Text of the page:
Tuesday, January 31, 2006

Tibco RV vs Tibco EMS

A lot of people are familiar with the Tibco RV (Rendezvous) product. This product is around 20 years old and powers many mission critical systems across different domains. Tibco has another product called Tibco EMS (Enterprise messaging Server) which is based on the JMS hub-and-spoke model and is quite popular in EAI. So what's the difference btw the two products? - When to use what ?

First we need to understand the differences in the architecture between the two products. Tibco RV is based on the multicast publish/subscribe model, where as Tibco EMS is based on the hub-and-spoke model.

Multicast is the delivery of information to a group of destinations simultaneously using the most efficient strategy to deliver the messages over each link of the network only once and only create copies when the links to the destinations split. By comparison with multicast, conventional point-to-single-point delivery is called unicast. When unicast is used to deliver to several recipients, a copy of the data is sent from the sender to each recipient, resulting in inefficient and badly scalable duplication at the sending side.

Googled out a white paper that contained some good architecture details about Tibco RV. The link is here.
Excerpt from the article:
TIB/RV is based on a distributed architecture . An installation of TIB/RV resides on each host on the network.Hence it eliminates the bottlenecks and single points offailures could be handled. It allows programs to sendmessages in a reliable, certified and transactional manner,depending on the requirements. Messaging can be delivered in point-to-point or publish/subscribe, synchronously orasynchronously, locally delivered or sent via WAN or theInternet. Rendezvous messages are self-describing and platform independent.
RVD (Rendezvous Daemon) is a background process that sits in between the RVprogram and the network. It is responsible for the deliveryand the acquisition of messages, either in point-to-point or publish/subscribe message domain. It is the most important component of the whole TIB/RV.Theoretically, there is an installation of RVD on every host on the network. However, it is possible to connect to a remote daemon, which sacrifices performance and transparencies. The RV Sender program passes the message and destination topic to RVD. RVD then broadcasts this message using User Data Packet(UDP) to the entire network. All subscribing computers with RVDs on the network will receive this message. RVD will filter the messages which non-subscribers will not be notified of the message. Therefore only subscriber programs to the particular topic will get the messages.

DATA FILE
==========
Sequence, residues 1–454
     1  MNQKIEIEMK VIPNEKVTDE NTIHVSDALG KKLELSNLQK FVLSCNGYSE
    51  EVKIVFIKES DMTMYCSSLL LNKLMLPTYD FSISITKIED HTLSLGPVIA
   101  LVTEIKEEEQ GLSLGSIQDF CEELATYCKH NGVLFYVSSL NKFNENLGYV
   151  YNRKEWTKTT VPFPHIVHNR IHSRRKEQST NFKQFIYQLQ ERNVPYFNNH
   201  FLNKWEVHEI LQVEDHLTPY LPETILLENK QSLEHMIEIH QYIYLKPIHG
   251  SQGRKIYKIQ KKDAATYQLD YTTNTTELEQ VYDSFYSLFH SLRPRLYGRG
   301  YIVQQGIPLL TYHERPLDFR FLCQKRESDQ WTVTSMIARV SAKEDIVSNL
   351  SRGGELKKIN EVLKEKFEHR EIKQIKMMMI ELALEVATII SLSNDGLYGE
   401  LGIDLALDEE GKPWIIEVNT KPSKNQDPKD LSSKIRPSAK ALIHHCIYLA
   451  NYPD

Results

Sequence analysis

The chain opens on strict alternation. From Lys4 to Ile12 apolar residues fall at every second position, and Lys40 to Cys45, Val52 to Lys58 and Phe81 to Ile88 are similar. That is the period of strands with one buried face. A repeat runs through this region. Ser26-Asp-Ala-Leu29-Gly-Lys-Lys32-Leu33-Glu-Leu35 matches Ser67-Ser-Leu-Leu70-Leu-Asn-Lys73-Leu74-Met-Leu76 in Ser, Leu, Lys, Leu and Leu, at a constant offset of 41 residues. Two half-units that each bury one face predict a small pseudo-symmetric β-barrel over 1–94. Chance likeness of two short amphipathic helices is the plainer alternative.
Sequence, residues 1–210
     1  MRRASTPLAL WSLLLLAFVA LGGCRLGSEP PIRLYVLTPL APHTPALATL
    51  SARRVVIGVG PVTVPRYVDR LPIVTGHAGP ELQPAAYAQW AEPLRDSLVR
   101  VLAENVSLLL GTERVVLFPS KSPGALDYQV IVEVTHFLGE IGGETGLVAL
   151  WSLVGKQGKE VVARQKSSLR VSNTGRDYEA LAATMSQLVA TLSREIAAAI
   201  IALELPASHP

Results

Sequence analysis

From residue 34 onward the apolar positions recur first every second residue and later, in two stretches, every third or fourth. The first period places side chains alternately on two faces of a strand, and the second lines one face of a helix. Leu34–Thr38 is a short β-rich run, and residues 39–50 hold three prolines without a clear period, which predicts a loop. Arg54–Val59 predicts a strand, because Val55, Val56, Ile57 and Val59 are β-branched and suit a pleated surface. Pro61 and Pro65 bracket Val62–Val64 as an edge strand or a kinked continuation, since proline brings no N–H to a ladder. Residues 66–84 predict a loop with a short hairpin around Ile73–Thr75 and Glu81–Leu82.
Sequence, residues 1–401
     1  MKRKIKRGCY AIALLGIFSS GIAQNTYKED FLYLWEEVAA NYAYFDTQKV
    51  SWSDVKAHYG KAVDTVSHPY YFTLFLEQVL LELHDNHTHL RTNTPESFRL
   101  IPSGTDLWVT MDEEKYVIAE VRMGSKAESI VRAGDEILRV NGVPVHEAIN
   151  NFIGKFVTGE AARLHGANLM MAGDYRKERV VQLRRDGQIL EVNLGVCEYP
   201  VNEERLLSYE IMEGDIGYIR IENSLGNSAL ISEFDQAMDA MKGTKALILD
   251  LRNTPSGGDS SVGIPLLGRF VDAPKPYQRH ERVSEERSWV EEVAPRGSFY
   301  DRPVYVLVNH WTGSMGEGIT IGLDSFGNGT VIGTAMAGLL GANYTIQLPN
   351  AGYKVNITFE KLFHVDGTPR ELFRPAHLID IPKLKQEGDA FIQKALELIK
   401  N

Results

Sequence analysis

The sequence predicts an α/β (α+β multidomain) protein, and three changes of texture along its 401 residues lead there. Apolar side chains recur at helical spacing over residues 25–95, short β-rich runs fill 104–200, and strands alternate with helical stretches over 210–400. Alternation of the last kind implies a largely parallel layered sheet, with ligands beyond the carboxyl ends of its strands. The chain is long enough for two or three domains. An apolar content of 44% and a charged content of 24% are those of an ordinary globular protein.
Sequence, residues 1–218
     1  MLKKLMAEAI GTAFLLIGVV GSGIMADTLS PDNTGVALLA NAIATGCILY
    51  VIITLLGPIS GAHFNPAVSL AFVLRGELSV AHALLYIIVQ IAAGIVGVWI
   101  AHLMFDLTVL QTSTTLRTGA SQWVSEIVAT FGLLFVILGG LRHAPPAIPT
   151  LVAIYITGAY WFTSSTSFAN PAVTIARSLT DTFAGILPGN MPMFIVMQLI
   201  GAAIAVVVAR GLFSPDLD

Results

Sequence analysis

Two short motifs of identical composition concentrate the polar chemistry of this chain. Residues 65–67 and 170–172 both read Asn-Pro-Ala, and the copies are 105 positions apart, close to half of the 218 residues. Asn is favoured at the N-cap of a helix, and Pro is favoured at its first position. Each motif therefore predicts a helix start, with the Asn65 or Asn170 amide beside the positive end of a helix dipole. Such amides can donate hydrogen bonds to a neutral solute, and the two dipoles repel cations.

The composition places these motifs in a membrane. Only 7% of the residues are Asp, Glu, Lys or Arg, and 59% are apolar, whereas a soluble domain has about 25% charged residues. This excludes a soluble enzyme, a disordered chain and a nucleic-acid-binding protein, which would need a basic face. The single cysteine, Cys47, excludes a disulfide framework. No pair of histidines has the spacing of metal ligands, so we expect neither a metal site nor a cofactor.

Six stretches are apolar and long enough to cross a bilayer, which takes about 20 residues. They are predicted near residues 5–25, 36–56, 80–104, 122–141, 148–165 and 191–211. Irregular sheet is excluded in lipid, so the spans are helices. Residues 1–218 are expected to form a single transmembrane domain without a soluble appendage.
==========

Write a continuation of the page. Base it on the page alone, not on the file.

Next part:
So when to use Tibco RV and when to use Tibco EMS (or any other hub-and-spoke model). An article at http://eaiblueprint.com/3.0/?p=17 describes the trade-offs between the two models:

Excerpt:
In my opinion, the multicast-based publish/subscribe messaging is an excellent solution for near-real-time message dissemination when 1 to 'very-many' delivery capabilities matter. RV originated on the trading floors as a vehicle for disseminating financial information such as stock prices.

However, in most EAI cases the opposite requirements are true:
‘Cardinality’ of message delivery is 1-1, 1-2; 1 to-very-many is a rare case. With exception of ‘consolidated application’ integration model (near real time request reply with timeout heuristics), reliability of message delivery takes priority over performance. Effectively, in most EAI implementations of RV, RV ends up simulating a queueing system using its ‘Certified Delivery’ mechanism. While this works, it is a flawed solution (see the discussion of Certified Messaging below).

Reliable delivery is a ‘native’ function of hub-and-spoke solutions. The multicast solution must be augmented with local persistence mechanism and re-try mechanism.
While RV offers reliable delivery (queueing) referred to as Certified Messaging, this solution is flawed in that: Inherently, reliability of CM is not comparable to the hub-and-spoke topologies as the data is stored in local file systems using non-transactional disk operations, as opposed to centralized database in hub-and-spoke topology. Corruption of RV ‘ledger files’ is not a rare case that leads to loss of data.
Temporal de-coupling is not the case. While a message can be queue for a later delivery (in case the target system is unavailable), for a message to be actually delivered both system must be up at the same time.

RV / CM lacks a basic facility of any queueing system: a queue browser that is frequently required for production support (for example, in order to remove an offending message). In contrast, MQ Series offers an out-of the box queue browser and a host of third party solutions. Transactional messaging is difficult to implement in multicast environment. TIBCO offers a transactional augmentation of RV (RVTX) that guarantees a 1-and-onlu-once delivery; however, this solution essentially converts RV into a hub-and-spoke system. Consequently, very few RV implementations are transactional.

Having said that, the shortcomings of hub and spoke include:
  • Single point of failure, when the hub is down, everything is down. MQ Series addresses this problem by providing high-reliability clustering.
  • Non-native publish/subscriber (publish/subscribe is emulated programmatically ) that results in reduced performance, especially in 1-to-very many delivery
  • Overhead of hub management (a need for administering hub objects: queues, channels, etc).
  • Inferior performance, especially in 1 to-many publish/subscribe and request/reply cases.

These shortcomings — in my opinion — do not outweigh benefits and for that reason MQ Series / hub-and-spoke solutions constitute a better choice for most EAI problem. Multicast-based publish subscribe is better left to its niches (high volume, high performance, accepter unreliability, 1 to very many).